Dennis Hopper's Venice, Calif. Estate Hits Auction Block

Dennis Hopper's Venice, California mansion going on auctionThe opening salvo in late actor Dennis Hopper's estate battle is set to go, as his massive SoCal mansion hits the auction block Friday. The 15,500-square-foot property where he lived with his estranged wife is expected to fetch around $6.2 million.

The notoriously unpredictable actor, who starred in such classics as "Apocalypse Now" and "Blue Velvet" (as well as such critically-panned duds as "Super Mario Bros.") succumbed to a long battle with prostate cancer last May at the age of 74. However, his highly publicized divorce from his fifth wife, Victoria Duffy, was still in the works at the time of his passing, leaving ownership of his estate up in the air.
The vast property in the Venice district of Los Angeles, which includes a 4,900 square-foot house designed by architect Brian Murphy and three townhouses designed by Frank Gehry, was the actor's home for more than 20 years. It lies just a few blocks from the Pacific and covers five parcels of land.

Hopper filed for divorce in January 2010, citing "irreconcilable differences," but the paperwork had not been settled by the time he died. Meanwhile, the couple's prenuptial agreement stated that Duffy would receive 25 percent of the fortune and a life insurance payout of $250,000. The contract was contingent on the couple living together at the time of his passing, which was technically true, since Duffy had moved into a separate house on the same property.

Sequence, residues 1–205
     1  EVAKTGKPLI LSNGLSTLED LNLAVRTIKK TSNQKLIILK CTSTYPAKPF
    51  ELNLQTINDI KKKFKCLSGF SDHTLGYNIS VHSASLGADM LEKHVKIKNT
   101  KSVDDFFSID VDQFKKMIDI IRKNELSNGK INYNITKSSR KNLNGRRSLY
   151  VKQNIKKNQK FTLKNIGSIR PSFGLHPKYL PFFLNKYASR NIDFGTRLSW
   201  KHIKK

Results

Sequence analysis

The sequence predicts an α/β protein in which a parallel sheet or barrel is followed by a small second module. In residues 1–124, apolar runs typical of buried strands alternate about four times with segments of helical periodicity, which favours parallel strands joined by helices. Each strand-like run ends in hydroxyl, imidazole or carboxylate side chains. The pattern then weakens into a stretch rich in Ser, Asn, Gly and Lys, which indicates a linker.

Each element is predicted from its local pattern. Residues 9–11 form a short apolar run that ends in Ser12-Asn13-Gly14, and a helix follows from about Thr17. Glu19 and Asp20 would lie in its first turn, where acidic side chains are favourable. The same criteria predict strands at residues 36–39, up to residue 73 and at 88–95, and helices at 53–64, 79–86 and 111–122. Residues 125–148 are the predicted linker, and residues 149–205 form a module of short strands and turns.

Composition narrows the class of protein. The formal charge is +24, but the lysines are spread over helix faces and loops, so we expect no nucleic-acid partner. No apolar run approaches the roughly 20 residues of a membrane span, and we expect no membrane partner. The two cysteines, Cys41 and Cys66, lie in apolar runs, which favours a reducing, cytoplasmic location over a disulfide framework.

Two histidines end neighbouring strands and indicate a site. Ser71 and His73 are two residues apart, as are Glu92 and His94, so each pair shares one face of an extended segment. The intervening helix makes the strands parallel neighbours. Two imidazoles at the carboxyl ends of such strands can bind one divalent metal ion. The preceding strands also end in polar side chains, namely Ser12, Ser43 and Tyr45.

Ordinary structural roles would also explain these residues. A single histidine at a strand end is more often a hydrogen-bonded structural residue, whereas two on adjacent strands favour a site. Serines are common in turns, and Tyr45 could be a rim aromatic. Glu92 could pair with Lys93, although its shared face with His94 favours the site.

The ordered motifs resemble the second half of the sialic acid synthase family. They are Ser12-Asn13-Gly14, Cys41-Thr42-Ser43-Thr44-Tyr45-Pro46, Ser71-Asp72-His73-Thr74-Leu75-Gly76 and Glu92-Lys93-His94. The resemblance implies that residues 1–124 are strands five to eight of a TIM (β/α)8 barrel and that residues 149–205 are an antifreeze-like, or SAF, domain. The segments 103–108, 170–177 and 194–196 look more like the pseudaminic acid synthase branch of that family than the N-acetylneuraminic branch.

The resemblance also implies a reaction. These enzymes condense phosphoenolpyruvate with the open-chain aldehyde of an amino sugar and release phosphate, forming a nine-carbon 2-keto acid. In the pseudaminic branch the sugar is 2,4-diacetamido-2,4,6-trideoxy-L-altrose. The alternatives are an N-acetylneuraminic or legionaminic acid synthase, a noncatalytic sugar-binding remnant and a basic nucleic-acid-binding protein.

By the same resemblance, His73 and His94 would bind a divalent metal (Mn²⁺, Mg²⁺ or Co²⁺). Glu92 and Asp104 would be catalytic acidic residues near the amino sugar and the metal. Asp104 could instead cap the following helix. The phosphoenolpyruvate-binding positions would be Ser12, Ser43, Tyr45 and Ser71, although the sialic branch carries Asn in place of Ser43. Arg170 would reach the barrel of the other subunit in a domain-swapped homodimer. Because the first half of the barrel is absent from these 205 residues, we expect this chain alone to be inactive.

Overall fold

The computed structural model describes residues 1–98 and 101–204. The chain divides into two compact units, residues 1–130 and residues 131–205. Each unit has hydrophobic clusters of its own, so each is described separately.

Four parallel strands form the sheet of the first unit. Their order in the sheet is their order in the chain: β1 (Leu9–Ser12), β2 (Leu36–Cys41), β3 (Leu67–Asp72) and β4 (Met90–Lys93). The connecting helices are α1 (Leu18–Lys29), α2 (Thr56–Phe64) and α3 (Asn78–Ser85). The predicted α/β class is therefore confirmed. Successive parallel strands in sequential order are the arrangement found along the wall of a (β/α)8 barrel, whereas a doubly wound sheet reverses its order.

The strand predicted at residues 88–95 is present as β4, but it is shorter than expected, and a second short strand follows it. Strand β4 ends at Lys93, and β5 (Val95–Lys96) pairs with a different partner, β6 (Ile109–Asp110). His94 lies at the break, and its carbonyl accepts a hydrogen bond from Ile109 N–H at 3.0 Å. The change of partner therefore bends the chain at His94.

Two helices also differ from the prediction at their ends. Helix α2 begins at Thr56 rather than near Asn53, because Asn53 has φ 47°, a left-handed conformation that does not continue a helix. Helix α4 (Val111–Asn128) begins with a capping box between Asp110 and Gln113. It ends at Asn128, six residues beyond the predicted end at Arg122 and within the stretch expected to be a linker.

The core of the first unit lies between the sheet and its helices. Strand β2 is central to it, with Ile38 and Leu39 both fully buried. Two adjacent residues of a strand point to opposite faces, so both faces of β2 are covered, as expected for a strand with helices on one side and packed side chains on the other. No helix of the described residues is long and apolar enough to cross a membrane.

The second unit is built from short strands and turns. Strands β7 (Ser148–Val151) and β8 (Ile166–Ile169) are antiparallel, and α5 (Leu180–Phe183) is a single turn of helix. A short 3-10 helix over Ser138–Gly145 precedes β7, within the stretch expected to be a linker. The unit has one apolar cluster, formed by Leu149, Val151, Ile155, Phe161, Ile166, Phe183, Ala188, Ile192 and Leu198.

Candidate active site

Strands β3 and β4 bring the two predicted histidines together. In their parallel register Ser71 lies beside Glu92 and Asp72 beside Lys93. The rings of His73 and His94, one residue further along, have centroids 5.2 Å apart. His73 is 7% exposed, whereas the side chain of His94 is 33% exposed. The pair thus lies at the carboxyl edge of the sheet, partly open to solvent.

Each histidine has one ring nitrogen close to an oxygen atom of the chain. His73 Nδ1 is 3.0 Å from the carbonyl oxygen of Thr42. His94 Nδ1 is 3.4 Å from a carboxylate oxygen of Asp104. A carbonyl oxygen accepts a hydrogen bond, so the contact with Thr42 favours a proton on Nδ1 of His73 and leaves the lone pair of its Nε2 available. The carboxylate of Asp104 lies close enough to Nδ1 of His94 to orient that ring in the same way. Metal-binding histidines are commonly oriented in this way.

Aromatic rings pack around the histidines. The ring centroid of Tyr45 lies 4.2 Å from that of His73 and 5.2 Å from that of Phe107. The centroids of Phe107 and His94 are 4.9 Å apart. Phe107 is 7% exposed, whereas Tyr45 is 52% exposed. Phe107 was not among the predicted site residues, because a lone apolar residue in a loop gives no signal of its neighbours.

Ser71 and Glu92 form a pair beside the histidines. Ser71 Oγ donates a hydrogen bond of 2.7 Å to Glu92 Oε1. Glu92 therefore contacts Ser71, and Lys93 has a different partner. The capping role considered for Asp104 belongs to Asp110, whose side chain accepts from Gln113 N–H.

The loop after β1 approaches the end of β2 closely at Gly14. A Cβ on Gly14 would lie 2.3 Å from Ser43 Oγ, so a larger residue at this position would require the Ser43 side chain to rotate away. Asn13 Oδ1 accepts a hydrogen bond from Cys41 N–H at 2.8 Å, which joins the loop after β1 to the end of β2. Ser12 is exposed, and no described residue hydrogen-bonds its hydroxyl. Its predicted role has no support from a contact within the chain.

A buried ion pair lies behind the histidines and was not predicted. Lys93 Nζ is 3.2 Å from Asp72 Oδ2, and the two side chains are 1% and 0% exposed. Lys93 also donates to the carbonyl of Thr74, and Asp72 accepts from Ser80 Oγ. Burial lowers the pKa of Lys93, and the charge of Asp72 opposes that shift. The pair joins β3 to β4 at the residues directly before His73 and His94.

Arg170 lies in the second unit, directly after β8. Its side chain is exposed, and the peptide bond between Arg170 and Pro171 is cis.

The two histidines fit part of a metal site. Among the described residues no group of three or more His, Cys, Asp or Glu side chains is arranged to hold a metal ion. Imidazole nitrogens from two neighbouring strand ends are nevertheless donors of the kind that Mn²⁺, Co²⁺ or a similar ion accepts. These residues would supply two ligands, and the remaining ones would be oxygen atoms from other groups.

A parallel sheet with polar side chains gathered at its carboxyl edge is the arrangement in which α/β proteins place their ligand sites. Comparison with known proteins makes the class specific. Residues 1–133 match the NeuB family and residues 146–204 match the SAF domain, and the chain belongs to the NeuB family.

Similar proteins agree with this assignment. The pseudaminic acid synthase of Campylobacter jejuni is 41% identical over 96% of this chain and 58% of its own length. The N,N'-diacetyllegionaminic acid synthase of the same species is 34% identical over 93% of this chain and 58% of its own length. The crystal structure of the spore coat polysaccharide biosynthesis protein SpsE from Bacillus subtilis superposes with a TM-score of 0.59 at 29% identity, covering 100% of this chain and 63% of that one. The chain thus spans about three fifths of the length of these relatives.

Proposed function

"The waters become muddy when a divorce is pending," said matrimonial lawyer to the stars, Raoul Felder, during a phone interview. Had the divorce been settled before his passing, she would get close to a third of the estate, he said.

Hopper's attorney, Joe Mannis, said that he fully expects Duffy to challenge the ruling and claim that she and Hopper were still living together at the time of his passing.

But is this nightmare scenario solely the product of celebrity divorce blowouts? Not necessarily, according to Felder. In fact, he recommends that anyone with sizable assets, real estate included, should plan to protect themselves against even the most unlikely of breakups.

"All couples need a pre-nup. If you miss that boat, get a post-nuptial agreement," he said, before pausing. "And if you miss that -- well, say a prayer."

The estate is listed with Jane Gavens and Jade Mills of Coldwell Banker Previews International.

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